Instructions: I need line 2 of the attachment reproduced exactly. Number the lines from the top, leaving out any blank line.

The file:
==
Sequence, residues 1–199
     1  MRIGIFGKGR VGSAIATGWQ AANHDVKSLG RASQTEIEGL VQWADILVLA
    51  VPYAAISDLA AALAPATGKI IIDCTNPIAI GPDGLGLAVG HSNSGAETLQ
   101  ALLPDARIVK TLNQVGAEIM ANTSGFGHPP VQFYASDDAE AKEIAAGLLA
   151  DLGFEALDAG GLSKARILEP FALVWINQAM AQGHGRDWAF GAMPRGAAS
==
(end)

     1  MRIGIFGKGR VGSAIATGWQ AANHDVKSLG RASQTEIEGL VQWADILVLA